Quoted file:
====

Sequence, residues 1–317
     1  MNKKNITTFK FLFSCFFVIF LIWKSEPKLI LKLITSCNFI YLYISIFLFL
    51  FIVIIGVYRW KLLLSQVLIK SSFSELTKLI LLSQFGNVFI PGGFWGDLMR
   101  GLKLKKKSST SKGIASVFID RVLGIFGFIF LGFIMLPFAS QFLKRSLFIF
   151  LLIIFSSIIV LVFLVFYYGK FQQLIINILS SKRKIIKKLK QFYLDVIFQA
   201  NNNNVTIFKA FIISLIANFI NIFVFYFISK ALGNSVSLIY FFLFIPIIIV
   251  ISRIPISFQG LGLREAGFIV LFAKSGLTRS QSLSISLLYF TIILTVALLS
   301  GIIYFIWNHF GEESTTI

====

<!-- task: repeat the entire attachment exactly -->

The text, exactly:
Sequence, residues 1–317
     1  MNKKNITTFK FLFSCFFVIF LIWKSEPKLI LKLITSCNFI YLYISIFLFL
    51  FIVIIGVYRW KLLLSQVLIK SSFSELTKLI LLSQFGNVFI PGGFWGDLMR
   101  GLKLKKKSST SKGIASVFID RVLGIFGFIF LGFIMLPFAS QFLKRSLFIF
   151  LLIIFSSIIV LVFLVFYYGK FQQLIINILS SKRKIIKKLK QFYLDVIFQA
   201  NNNNVTIFKA FIISLIANFI NIFVFYFISK ALGNSVSLIY FFLFIPIIIV
   251  ISRIPISFQG LGLREAGFIV LFAKSGLTRS QSLSISLLYF TIILTVALLS
   301  GIIYFIWNHF GEESTTI